Iraqi artist's Sabra-Shatila tapestry could hang alongside Picasso's Guernica
A giant tapestry depicting the massacres at Sabra and Shatila camps in Lebanon in 1982 is set to go on display alongside Picasso's Guernica in the Reina Sofia museum in Madrid.
Renowned Palestinian Arab art collector Ramzi Dalloul has commissioned the Royal Tapestry Factory in the Spanish capital to transform Iraqi artist Dia al-Azzawi's drawing of the atrocity into a wall hanging.
Azzawi produced his original ink-and-crayon drawing in response to the slaughter of around 2,000 Palestinians by Lebanese Christian militia groups in collaboration with the Israeli army.
He completed the work in 1983. Two years ago, the Tate in London bought Azzawi's original drawing. The work is currently on loan in a retrospective of the artist's work at the Mathaf Arab Museum of Modern Art and the Qatar Museums Gallery al-Riwaq in Doha.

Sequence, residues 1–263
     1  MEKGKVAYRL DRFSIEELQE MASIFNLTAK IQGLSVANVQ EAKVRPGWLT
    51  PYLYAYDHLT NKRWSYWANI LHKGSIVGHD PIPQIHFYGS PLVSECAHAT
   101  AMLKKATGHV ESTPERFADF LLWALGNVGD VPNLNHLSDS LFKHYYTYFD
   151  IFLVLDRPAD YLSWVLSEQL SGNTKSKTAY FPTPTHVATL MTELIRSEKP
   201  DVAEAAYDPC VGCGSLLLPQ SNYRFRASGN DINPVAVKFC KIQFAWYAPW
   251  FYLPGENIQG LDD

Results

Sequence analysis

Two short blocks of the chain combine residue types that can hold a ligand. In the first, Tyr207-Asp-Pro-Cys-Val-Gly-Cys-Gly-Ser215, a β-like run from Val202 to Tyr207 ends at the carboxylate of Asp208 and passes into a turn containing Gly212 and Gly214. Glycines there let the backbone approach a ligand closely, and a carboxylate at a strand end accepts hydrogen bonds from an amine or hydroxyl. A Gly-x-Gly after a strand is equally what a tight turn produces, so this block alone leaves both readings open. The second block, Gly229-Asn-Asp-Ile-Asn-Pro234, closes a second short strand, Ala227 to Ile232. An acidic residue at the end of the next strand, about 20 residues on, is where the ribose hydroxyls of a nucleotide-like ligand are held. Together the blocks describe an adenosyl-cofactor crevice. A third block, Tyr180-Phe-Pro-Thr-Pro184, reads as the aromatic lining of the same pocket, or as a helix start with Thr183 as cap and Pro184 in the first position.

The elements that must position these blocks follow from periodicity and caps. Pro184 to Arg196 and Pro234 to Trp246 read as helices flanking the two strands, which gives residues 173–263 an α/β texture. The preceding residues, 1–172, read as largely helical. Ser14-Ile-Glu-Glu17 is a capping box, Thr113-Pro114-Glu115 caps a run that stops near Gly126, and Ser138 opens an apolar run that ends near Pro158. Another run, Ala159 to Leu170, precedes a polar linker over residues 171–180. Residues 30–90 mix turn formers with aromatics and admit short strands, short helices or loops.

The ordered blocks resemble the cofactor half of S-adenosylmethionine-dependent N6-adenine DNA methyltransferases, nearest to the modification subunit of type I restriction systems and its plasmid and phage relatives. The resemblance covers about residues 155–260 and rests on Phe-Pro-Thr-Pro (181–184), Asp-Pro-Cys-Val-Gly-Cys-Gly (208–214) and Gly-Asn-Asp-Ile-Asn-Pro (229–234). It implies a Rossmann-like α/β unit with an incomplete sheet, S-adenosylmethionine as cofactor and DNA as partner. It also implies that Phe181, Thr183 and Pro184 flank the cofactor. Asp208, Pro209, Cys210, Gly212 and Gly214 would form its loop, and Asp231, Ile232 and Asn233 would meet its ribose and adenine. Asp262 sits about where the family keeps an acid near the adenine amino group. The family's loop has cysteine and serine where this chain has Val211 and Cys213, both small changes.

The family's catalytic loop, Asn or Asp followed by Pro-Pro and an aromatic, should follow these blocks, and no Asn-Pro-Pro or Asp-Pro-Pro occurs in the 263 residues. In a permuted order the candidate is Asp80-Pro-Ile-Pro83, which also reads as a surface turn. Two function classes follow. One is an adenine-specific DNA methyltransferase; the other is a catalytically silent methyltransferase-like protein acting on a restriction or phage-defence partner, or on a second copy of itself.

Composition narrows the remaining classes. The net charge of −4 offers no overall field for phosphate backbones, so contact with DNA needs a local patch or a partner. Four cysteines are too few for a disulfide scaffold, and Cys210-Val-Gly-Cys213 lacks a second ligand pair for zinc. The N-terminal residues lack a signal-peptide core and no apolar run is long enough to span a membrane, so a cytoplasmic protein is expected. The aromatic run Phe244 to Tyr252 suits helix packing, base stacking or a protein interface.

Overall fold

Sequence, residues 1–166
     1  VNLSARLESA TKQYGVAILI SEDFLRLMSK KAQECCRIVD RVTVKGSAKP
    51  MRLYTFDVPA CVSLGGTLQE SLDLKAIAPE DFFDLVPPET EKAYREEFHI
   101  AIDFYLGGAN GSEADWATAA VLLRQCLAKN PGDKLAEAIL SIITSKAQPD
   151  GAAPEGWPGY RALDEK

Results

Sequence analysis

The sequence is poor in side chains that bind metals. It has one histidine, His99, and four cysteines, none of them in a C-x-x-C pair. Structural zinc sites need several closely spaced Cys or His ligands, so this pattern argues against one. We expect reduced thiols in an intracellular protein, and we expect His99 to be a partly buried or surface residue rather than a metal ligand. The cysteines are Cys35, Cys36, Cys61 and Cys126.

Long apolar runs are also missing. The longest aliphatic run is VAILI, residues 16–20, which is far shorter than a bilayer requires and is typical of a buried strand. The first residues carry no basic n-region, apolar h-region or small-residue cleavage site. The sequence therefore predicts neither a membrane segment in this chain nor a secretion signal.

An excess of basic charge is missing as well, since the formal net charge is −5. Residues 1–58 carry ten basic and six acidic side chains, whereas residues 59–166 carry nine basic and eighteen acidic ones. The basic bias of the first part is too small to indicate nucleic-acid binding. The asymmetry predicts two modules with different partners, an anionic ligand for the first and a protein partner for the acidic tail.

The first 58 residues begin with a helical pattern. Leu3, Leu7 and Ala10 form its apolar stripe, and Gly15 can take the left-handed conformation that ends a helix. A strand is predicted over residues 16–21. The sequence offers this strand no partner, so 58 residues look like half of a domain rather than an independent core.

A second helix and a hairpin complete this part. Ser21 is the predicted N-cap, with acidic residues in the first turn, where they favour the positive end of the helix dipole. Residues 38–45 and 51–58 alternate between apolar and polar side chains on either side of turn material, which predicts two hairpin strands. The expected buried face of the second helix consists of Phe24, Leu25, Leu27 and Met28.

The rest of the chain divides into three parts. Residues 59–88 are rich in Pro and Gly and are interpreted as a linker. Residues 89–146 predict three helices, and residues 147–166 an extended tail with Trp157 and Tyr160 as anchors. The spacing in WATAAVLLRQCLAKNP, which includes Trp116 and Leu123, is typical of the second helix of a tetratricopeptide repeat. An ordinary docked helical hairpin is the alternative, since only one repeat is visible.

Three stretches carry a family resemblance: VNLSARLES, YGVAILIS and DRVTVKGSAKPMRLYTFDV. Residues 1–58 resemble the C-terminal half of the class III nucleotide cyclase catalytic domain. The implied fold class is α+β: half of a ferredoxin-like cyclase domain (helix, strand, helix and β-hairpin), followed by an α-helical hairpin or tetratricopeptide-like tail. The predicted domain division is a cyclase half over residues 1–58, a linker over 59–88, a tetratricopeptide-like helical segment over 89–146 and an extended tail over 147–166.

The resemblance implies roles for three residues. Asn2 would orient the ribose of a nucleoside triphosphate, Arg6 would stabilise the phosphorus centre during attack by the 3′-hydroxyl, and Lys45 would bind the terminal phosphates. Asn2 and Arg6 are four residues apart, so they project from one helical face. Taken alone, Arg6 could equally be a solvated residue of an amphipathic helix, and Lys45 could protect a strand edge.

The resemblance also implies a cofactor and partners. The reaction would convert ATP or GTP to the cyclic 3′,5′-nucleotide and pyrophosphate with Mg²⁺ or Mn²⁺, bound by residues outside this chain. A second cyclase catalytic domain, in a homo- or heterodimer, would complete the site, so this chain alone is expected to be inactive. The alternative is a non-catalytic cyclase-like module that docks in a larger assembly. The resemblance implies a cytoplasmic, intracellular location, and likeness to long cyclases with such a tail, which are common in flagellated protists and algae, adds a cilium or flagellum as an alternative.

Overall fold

Dalloul said that a dozen weavers at the 300-year-old factory are working on the project, set to be completed in about a year.
On a visit to the site when work on the tapestry started, the Spanish culture minister asked Dalloul if the finished piece could be displayed alongside Picasso's Guernica, painted as an immediate reaction to the Nazis' devastating bombing of the Basque town of Guernica during the Spanish Civil War.
It is considered one of the most moving anti-war paintings in history.
Dalloul said: "Of course, we accepted [the invitation]", reported The Art Newspaper.
The Tate has collaborated with Dalloul on the tapestry project, the collector's son Basel said. The gallery enabled technicians employed by Dalloul to take "extensive high-resolution photographs of every quadrant of the drawing, then [the tapestry factory] used those as guides", Basel said. Azzawi has also been involved in the project.
Dalloul commissioned the tapestry for display in a new museum he intends to build in Lebanon for his collection.